Public Relations and Chinese

My friend, Ruth Sparkes, emailed me about a degree course at Liverpool John Moores University on Public Relations and Chinese, which she thought sounded “cool”.

Apparently graduates will develop linguistic proficiency alongside becoming “specialists in the growing industry of PR” – with an opportunity to “spend a year in China in both a university and business setting”.

This sounds very interesting, although there are drawbacks to studying two core disciplines. I could not find a lot of detail about the areas of PR that are studied, or the faculty, for example.  And, I also wonder whether there are many staff skilled in both areas – if not, then are the potential benefits of the course fully realised?

Nevertheless, as students, and their parents, are faced with paying more for their University education and there is strong competition in the jobs market, I expect we will see more courses that offer innovative career prospects such as this one.

Published by

Heather Yaxley PhD

Dr. Heather Yaxley is passionate about sustainable careers, reflective practice and professional development. I am a rhizomatic educator, practitioner, consultant, academic and scholar. As a qualified academic, I teach the CIPR professional qualifications with PR Academy and have experience teaching at various Universities. I run the Motor Industry Public Affairs Association (MIPAA) and my own strategic consultancy. I was awarded by PhD researching Career Strategies in Public Relations by Bournemouth University in 2017. I'm a published author, with books, chapters and academic papers to my name.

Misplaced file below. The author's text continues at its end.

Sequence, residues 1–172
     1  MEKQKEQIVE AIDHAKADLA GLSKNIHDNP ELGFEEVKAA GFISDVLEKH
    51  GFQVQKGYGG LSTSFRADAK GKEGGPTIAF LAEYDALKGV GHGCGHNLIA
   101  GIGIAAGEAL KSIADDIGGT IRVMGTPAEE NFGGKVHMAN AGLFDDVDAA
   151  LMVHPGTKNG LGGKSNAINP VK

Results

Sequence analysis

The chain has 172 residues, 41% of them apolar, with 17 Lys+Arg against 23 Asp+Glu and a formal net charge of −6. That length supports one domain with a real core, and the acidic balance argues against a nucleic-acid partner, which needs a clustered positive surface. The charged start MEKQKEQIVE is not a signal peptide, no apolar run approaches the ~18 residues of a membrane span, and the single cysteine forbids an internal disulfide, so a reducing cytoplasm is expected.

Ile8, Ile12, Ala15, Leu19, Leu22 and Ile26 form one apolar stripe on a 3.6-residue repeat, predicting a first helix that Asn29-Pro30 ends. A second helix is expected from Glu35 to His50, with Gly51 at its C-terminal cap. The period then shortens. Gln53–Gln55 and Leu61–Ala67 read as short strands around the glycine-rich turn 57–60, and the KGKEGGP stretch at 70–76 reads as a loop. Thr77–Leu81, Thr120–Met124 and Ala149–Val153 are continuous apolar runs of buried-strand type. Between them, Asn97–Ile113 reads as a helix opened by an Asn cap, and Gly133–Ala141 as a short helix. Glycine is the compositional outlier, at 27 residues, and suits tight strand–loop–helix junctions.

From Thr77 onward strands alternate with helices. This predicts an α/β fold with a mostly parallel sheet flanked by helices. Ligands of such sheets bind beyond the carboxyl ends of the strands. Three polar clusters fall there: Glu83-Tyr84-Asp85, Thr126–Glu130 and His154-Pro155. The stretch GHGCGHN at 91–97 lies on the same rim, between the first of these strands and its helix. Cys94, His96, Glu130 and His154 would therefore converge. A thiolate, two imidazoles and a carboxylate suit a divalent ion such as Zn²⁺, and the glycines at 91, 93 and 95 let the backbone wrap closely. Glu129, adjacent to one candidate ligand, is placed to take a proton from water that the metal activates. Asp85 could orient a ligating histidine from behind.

3 thoughts on “Public Relations and Chinese”

  1. I think its likely that the PR aspects of the course will be handled separately to the Chinese aspects, which will probably be covered by the languages department.

    Why is it that only the ‘second-tier’ universities or ex-polytechnics are offering PR degrees? Until universities within the top ten offer these courses, will these qualifications ever receive the same respect attributed to ‘traditional subjects’ like sciences or english?

  2. You may well be right that the two aspects of the course will be covered separately – however, doesn’t that negate the real benefits for taking a degree in PR and Chinese? I would really hope that at least the cultural and media aspects of PR in China and PR for China are considered. However, to do so might need to challenge to the extent that it impacts on the placement aspect within what is still largely a clsoed culture.

    Re the “second-tier” universities and PR, I suppose that traditionally the “first-tier” institutes have always been more reluctant to adopt newer courses. When I took my degree in psychology, it wasn’t a topic that was seen as being “worthy” – although I studied at the redbrick Birmingham University.

    It is debatable whether we need the “top ten” to offer PR – is their reputation the important factor or shouldn’t we establish the “top ten” places to study PR?

Comments are closed.